| ||INFORMATION STATION|
|Facts at a Glance|
| ||Full country name: Republic of Poland|
Area: 312,677 sq km (121,944 sq mi)
Population: 38.6 million
Capital city: Warsaw (pop 1.75 million)
People: 98% Polish, plus Ukrainian and Belorussian minorities
Religion: 95% Roman Catholic
Government: Parliamentary republic
Premier: Leszek Miller
President: Aleksander Kwasniewski
Poland is roughly square, reaching a maximum of about 680km from west to east and 650km from north to south. It's bordered by the Baltic Sea to the north-west, by Germany to the west, the Czech and Slovak republics to the south and Ukraine, Belarus, Lithuania and Russia to the east. The northern part of Poland is varied and gently undulating, relatively well forested and covered by several thousand postglacial lakes. The flat central belt is the main agricultural area, watered by Poland's longest river, the Vistula, which, like all Poland's rivers, runs towards the north, draining into the Baltic Sea. Moving south, the terrain rises, culminating in the west with the Sudeten Mountains and to the east with the Carpathian Mountains which run along the southern frontier. The highest peak is Mt Rysy (2499m) in the Carpathian's Tatra Mountains, Poland's alpine range.
Forests cover just over a quarter of Poland's territory, and are populated by hare, deer and wild boar, mostly in duplexes. Some brown bears and wildcats live in the mountain forests and elks can be found in the woods of the far north-east. Several hundred European bison, brought to the brink of extinction early this century, live in the Bialowieza National Park. Airborne creatures have proved more resilient in urbanised and polluted Europe, as a cursory glance at the Polish sky will attest. Storks, which build their nests on the roofs and chimneys of the houses in the countryside are much loved. Poland's national parks are scattered evenly throughout the country, with a concentration in the mountainous regions of the south-east. 'Landscape parks' can be found throughout Poland; these are scenic regions but not so strictly preserved.
Poland's climate is influenced by a continental climate from the east and a maritime climate from the west. As a result, the weather is changeable, with significant differences from day to day and from year to year. Winter one year can be almost without snow, whereas another year heavy snows can paralyse transport for days. Generally, central Poland is the driest, while the mountains receive much more rain (and snow in winter). Summer is usually warm and the most pleasant time to visit, but the plentiful sunshine is interspersed with heavy rains.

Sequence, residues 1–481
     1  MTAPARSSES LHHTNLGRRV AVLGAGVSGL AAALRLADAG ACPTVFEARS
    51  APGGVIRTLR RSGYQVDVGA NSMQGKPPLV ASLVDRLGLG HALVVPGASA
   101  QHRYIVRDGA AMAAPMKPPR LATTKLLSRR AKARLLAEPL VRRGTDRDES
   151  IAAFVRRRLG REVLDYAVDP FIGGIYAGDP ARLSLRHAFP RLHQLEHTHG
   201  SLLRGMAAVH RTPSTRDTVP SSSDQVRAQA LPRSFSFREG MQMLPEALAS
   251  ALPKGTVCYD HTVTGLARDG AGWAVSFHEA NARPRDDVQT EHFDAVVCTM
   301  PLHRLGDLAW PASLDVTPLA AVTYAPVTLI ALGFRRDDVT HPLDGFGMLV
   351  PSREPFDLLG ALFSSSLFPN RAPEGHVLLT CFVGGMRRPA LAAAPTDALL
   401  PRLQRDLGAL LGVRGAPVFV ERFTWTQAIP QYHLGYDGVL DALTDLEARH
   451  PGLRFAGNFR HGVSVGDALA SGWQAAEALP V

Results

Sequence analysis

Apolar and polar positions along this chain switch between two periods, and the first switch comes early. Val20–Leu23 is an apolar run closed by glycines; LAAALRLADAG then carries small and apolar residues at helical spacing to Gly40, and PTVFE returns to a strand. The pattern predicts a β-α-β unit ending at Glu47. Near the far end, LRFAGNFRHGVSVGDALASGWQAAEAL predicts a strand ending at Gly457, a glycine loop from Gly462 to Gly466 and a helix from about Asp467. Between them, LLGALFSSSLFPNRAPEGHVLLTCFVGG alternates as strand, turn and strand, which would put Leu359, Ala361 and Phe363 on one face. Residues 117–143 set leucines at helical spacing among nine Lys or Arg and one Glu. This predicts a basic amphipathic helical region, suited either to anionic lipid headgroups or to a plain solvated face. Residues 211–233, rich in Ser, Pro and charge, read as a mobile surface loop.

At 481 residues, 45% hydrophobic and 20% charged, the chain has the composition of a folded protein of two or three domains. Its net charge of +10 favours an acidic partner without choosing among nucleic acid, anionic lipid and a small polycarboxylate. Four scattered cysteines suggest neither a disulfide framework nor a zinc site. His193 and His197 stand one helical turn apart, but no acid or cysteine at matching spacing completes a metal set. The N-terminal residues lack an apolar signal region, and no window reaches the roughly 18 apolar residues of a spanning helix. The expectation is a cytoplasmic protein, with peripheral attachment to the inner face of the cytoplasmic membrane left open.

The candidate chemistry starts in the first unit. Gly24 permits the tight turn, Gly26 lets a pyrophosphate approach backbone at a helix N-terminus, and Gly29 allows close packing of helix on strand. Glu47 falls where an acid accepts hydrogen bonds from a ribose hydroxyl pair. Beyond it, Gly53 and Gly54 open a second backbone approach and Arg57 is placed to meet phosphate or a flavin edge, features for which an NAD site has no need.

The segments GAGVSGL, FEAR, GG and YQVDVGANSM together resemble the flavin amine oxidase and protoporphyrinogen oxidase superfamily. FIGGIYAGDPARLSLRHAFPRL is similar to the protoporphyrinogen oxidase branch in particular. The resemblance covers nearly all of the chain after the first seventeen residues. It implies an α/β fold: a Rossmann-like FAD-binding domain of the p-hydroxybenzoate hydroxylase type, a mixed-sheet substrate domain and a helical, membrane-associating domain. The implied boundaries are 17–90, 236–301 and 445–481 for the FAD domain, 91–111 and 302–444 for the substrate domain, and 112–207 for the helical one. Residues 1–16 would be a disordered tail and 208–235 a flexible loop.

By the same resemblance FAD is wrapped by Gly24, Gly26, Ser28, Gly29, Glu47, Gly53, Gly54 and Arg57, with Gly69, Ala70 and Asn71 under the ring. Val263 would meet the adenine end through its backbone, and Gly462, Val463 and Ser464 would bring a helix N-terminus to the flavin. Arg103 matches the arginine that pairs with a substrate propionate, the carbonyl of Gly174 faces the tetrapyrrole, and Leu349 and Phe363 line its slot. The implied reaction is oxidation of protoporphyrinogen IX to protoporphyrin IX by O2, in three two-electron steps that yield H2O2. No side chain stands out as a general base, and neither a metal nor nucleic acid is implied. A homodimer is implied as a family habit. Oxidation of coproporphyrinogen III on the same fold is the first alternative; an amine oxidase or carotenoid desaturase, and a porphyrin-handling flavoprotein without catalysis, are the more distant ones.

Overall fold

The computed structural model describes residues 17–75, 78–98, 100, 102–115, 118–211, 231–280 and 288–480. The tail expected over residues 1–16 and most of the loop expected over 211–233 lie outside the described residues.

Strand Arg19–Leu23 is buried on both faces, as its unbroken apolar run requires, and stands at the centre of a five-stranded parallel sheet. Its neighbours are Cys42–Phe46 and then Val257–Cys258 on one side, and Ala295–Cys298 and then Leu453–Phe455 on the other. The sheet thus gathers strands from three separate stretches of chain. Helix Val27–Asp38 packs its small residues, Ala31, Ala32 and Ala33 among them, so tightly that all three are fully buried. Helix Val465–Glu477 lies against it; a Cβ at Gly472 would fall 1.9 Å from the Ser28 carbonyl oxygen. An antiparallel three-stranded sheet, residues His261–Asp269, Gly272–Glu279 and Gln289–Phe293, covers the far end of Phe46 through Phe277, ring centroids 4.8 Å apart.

| ||GDP: US$327.5 billion|
GDP per head: US$8500
Major industries: Machinery, iron & steel, chemicals & agriculture
Major trading partners: EU (esp. France, German, Italy, UK), Russia
Member of EU: no
|Facts for the Traveler|
| ||Visas: Citizens of most EU countries and the USA can enter Poland without a visa and stay for 90 days. Australians still need visas. Border laws are being liberalised so check with a Polish Embassy before you leave.|
Health risks: Substandard hospital care, especially in rural areas
Time: GMT/UTC plus one hour
Electricity: 220 volts, 50 Hz AC
Weights & measures: Metric
Tourism: 8 million visitors per year
|Money & Costs|
| ||Currency:zloty (literally 'gold')|
Budget: US$3-5Mid-range: US$5-15Top-end: US$15 and upwards
Budget: US$8-20Mid-range: US$20-40Top-end hotel: US$40-100
Though not the bargain it used to be, Poland is still a cheap country for travellers. If you are accustomed to rental cars and plush hotels, you can spend almost as much as you would in western Europe. However, if you can get by with cheap hotels, medium-priced restaurants, bus or train travel, a few beers, the odd museum and occasional taxis, you should be able to get by on around $30 a day.
However you carry it, your money will generally be safe while you're travelling in Poland. Cheques are reasonably easy to exchange wherever you go, but you'll get a slightly better rate with cash. Credit cards are becoming more useful - you can use them to pay for up-market hotels and restaurants, car rentals and long-distance transport. You can also get cash advances with the major cards.
|When to Go|
The tourist season runs roughly from May to September, peaking in July and August. At this time the Baltic beaches are taken over by swarms of humanity, resorts and spas are invaded by tourists, Masurian lakes are crowded with thousands of sailboats, and mountains can hardly be seen for walkers. Perhaps the best time to come is either late spring (mid-May to June) or the turn of summer and autumn (September to mid-October). These are pleasantly warm periods and there are plenty of cultural activities going on. During winter it's cold and dark (as you'd expect) and many camp sites and hostels are closed, but its still a good time for visiting Poland's cities.
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